A difficult year

The Shanker Institute has a very comprehensive look at the year in corporate education reform research. It covers 3 basic areas

  • Charter schools
  • Performance pay
  • Value-added in evaluations

All topics we have covered in some length at JTF. You can view a lot of the research we have brought forward at our document center at SCRIBD.

If 2010 was the year of the bombshell in research in the three “major areas” of market-based education reform – charter schools, performance pay, and value-added in evaluations – then 2011 was the year of the slow, sustained march.

Last year, the landmark Race to the Top program was accompanied by a set of extremely consequential research reports, ranging from the policy-related importance of the first experimental study of teacher-level performance pay (the POINT program in Nashville) and the preliminary report of the $45 million Measures of Effective Teaching project, to the political controversy of the Los Angeles Times’ release of teachers’ scores from their commissioned analysis of Los Angeles testing data.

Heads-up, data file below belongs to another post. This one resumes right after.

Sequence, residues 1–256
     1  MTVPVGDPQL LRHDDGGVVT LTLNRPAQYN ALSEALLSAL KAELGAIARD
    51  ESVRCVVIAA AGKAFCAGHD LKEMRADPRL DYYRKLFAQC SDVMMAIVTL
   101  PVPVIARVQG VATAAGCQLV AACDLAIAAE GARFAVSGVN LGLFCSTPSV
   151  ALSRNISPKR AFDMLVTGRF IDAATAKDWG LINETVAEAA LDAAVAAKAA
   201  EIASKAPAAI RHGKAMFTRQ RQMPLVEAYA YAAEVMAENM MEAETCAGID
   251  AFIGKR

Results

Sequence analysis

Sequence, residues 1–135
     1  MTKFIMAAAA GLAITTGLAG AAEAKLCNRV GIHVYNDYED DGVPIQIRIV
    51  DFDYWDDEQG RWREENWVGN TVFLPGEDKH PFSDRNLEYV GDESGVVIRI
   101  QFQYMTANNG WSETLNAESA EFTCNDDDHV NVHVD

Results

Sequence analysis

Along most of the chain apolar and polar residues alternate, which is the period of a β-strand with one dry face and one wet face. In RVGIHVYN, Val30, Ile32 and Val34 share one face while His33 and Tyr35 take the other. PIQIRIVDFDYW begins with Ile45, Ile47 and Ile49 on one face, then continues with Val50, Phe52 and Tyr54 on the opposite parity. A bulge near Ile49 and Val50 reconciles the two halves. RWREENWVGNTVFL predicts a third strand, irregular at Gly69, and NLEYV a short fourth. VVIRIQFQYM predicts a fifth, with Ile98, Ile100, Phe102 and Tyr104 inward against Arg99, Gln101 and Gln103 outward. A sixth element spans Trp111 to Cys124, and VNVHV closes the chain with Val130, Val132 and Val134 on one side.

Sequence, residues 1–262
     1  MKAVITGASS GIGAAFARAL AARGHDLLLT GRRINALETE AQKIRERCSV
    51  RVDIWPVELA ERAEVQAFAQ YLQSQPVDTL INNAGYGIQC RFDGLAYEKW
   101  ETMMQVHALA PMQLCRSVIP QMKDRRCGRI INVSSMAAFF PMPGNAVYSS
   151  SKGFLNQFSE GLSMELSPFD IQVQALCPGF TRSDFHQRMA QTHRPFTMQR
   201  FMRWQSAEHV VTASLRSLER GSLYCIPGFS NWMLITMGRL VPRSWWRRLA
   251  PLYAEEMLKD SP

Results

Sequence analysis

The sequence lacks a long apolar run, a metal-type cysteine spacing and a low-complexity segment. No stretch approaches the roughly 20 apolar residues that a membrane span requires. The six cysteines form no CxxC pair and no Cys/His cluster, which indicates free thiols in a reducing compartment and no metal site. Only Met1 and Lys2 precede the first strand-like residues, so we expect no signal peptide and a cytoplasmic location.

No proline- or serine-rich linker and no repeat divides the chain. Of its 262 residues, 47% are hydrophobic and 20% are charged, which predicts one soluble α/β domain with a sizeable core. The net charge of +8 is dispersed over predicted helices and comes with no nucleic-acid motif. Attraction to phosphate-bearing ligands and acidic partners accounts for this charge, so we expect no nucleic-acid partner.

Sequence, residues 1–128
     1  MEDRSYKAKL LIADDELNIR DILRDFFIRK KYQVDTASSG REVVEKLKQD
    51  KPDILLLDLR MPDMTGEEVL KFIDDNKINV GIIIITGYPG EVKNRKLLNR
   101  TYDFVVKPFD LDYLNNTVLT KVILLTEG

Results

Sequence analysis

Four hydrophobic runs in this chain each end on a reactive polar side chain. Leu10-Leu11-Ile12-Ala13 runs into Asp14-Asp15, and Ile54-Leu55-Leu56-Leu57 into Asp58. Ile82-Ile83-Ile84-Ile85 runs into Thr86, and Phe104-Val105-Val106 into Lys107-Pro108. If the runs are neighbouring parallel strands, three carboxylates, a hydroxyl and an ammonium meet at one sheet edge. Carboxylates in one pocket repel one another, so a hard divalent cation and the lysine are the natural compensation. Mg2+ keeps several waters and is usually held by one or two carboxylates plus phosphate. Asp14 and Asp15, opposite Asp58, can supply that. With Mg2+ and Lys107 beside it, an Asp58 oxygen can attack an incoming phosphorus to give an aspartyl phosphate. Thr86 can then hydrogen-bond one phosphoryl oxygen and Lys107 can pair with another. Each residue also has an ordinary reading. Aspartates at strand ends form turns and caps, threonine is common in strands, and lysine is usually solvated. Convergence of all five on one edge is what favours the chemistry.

In 2011, on the other hand, as new schools opened and states and districts went about the hard work of designing and implementing new evaluations compensation systems, the research almost seemed to adapt to the situation. There were few (if any) “milestones,” but rather a steady flow of papers and reports focused on the finer-grained details of actual policy.*

Nevertheless, a review of this year’s research shows that one thing remained constant: Despite all the lofty rhetoric, what we don’t know about these interventions outweighs what we do know by an order of magnitude.

Alas, the piece concludes with much the same problem we have been documenting all year long, the headlong, unreasoned, non collaborative rush to implement corporate education reform policies whose impacts at best are unknown and at worst are highly damaging to student achievement and the public education system

Overall, then, it was a productive research year in the three areas discussed above, and it might have been even more productive but for the fact that, in too many cases, the policy decisions this work could have guided had already been made.

It has been a difficult year for those seeking to defend public education from the plethora of corporate reform policies, and next year is bound to see the continuation of this struggle. But once where there were few voices opposing these damaging policies of privatization, there are now many more.

The corporate education reformers are going to have to work a lot harder and be more accountable than they have ever have.